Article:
Thursday, 14 November 2013

Blog Tour: Intermix Nation by M. P. Attardo (Review + Giveaway)

M.P. Attardo is a twenty-something, part-time writer, full-time daydreamer. She has a college degree … is still trying to figure out what ever to do with it. She loves amateur baseball commentating, heckling, and overindulging. And putting her bizarre, gritty thoughts into words for all to read.
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Title: Intermix Nation
Author: M. P. Attardo
Publisher: Self
Released: March 5th 2013
Pages: 331 (Kindle)
Buy: Amazon UK / Amazon US
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Intermix: to mix together, blend

North America, paragon of diversity, is gone. From its ashes, a new nation has arisen – Renatus – where the government segregates the surviving population into races, forbidding interracial marriage, mating, and love.

Eighteen-year-old Nazirah Nation is a pariah, an intermix, born of people from different races. When her parents are murdered in the name of justice, Nazirah grudgingly joins the growing rebellion fighting against the despotic government.

Overwhelmed with grief, consumed by guilt, Nazirah craves vengeance as a substitute for absolution. But on her journey to find the girl she once was, Nazirah must learn the hard way that nothing … no one … is purely black or white. Like her, every human is intermix, shades and hues of complex emotions. And those who can take everything away are also the ones who can give everything back.

Well, I really wasn't prepared for that emotional rollercoaster! As soon as I read the synopsis, I knew Intermix Nation was a book I had to read. As someone who is mixed heritage, I know what it's like to be of two different ethnicities but feel that, at times, I belong to neither. In Attardo's debut, North America has been divided into a land known as Renatus. The divides have been put in place to separate races, forbidding them from mixing – but love can conquer boundaries, and the children of two races are born. They are known as intermix, and are cast out by everyone but their own. Nazirah is an intermix, but not just anyone – she is the face of the rebellion, a beacon of hope for the citizens of Renatus. But Irri has her own past, and if she’s going to win over the nation, she’s going to have to face her biggest enemy yet: Adamek Morgen, murderer of her parents.

I can't believe how well-written this was, especially for a debut novel. I'm not suggesting that debut authors are bad, but usually since it's their first book, they're still trying to find their own individual style. Attardo has her style set. Admittedly I at first found it strange to read in the person she used, but as I became more engrossed in the story, I grew used to it. Aside from that, the language, the plot, the build was the perfect concoction for a story.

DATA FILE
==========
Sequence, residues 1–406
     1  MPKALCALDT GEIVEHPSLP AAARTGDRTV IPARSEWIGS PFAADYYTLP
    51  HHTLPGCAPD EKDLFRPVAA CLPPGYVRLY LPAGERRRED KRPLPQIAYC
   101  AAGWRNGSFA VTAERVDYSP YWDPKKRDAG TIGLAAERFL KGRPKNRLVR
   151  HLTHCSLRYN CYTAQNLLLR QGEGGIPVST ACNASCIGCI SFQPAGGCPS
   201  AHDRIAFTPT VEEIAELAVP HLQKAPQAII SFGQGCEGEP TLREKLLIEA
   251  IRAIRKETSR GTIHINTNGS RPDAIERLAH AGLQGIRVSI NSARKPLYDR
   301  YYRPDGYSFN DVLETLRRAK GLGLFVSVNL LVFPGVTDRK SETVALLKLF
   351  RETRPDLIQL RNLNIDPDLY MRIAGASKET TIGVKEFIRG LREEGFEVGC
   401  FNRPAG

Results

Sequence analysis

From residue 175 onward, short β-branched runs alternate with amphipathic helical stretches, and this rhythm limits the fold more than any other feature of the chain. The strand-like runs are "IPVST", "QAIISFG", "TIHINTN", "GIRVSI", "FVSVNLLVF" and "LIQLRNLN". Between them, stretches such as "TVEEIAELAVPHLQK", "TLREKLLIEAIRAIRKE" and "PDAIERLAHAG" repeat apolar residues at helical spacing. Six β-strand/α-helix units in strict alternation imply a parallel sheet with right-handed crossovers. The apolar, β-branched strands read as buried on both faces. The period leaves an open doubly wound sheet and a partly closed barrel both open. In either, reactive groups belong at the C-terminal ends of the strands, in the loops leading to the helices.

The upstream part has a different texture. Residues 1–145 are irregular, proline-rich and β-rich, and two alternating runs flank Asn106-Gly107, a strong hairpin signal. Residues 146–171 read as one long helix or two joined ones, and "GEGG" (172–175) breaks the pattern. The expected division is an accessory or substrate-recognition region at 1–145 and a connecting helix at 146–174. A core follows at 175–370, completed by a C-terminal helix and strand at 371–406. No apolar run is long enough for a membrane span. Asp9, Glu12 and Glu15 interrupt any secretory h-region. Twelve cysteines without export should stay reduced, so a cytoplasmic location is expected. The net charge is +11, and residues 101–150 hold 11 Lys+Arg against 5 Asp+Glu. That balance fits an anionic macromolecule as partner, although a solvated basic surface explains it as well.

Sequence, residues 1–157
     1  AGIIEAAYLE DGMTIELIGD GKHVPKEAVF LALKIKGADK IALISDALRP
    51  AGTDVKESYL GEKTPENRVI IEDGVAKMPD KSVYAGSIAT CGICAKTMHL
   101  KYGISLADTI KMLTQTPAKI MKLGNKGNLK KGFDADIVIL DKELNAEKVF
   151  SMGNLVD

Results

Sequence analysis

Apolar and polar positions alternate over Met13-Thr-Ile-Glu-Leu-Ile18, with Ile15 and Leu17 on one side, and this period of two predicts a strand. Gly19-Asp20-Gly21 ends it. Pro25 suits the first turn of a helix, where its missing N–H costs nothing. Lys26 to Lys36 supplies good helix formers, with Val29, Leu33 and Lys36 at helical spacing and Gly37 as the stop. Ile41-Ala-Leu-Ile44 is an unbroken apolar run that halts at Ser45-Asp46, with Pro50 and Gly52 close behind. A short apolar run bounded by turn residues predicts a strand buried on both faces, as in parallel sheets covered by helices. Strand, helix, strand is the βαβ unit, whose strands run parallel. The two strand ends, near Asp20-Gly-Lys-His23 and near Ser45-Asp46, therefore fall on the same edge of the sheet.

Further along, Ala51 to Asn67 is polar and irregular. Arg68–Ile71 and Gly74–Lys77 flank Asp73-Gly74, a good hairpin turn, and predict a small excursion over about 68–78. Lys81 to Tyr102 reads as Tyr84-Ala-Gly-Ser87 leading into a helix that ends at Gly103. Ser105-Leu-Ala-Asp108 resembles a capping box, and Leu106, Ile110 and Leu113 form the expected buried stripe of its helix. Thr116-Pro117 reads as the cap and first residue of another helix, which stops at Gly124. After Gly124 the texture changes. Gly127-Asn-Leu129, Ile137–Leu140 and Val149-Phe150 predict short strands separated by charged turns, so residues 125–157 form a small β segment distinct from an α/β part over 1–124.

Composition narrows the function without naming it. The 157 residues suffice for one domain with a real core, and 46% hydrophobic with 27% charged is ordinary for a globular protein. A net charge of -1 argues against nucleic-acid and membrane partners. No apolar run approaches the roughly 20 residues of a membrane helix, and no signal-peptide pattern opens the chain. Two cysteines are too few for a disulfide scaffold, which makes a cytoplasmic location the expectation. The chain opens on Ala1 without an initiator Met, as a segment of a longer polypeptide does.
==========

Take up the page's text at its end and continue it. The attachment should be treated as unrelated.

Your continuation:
Nazirah Nation has to be one of my favourite protagonists of all time. I know I can go on a bit about how I love my brave heroines, but I think she's one of the strongest I've ever come across. Nazirah is put through a lot of trials, yet she is as hard as nails the entire time. She is a true face of a rebellion, and because of that she made the diegesis, the plot, the idea believable. 

Adamek Morgen is my latest addiction. When we were first introduced to him, I just thought he'd be the counterpart to Nazirah, an enemy to reinforce the idea that she is the good guy. However, halfway through and I realised she created him to be so much more than that. Although the book centers around the issue of racism, it also talks about forgiveness. How can you forgive someone who has wronged you so terribly? He is a counterpart, that's for sure, but he's not necessarily just the enemy. Although we don't find as much out about his past as I would have liked, his character holds a depth so vast that you can't help but feel that he's real. 

This may seem strange, but one thing I really loved about Intermix Nation was how Attardo managed to get this entire story into just one book. A lot of dystopians nowadays are split into a trilogy, a lot of which tend to fall short towards the end. Although I do like it when books are a series, I was glad she just got to the point with the story and didn't unnecessarily drag it out, making it intense, dynamic and dramatic.

I must admit, I really am impressed with Attardo. Debut novels rarely come as good as this, especially New Adult books. This genre has me skeptical, but this book just had the right amount of snarky language, witty characters and smoky sex scenes to be perfect. I recommend this book 100%, it's one of the best indies I've read yet.
Rating: 5/5

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1 comment:

  1. Great review this sounds like a very original and emotional read! I love that there can still be originality in this genre! Plus it being a stand alone is so refreshing!! So happy you enjoyed it!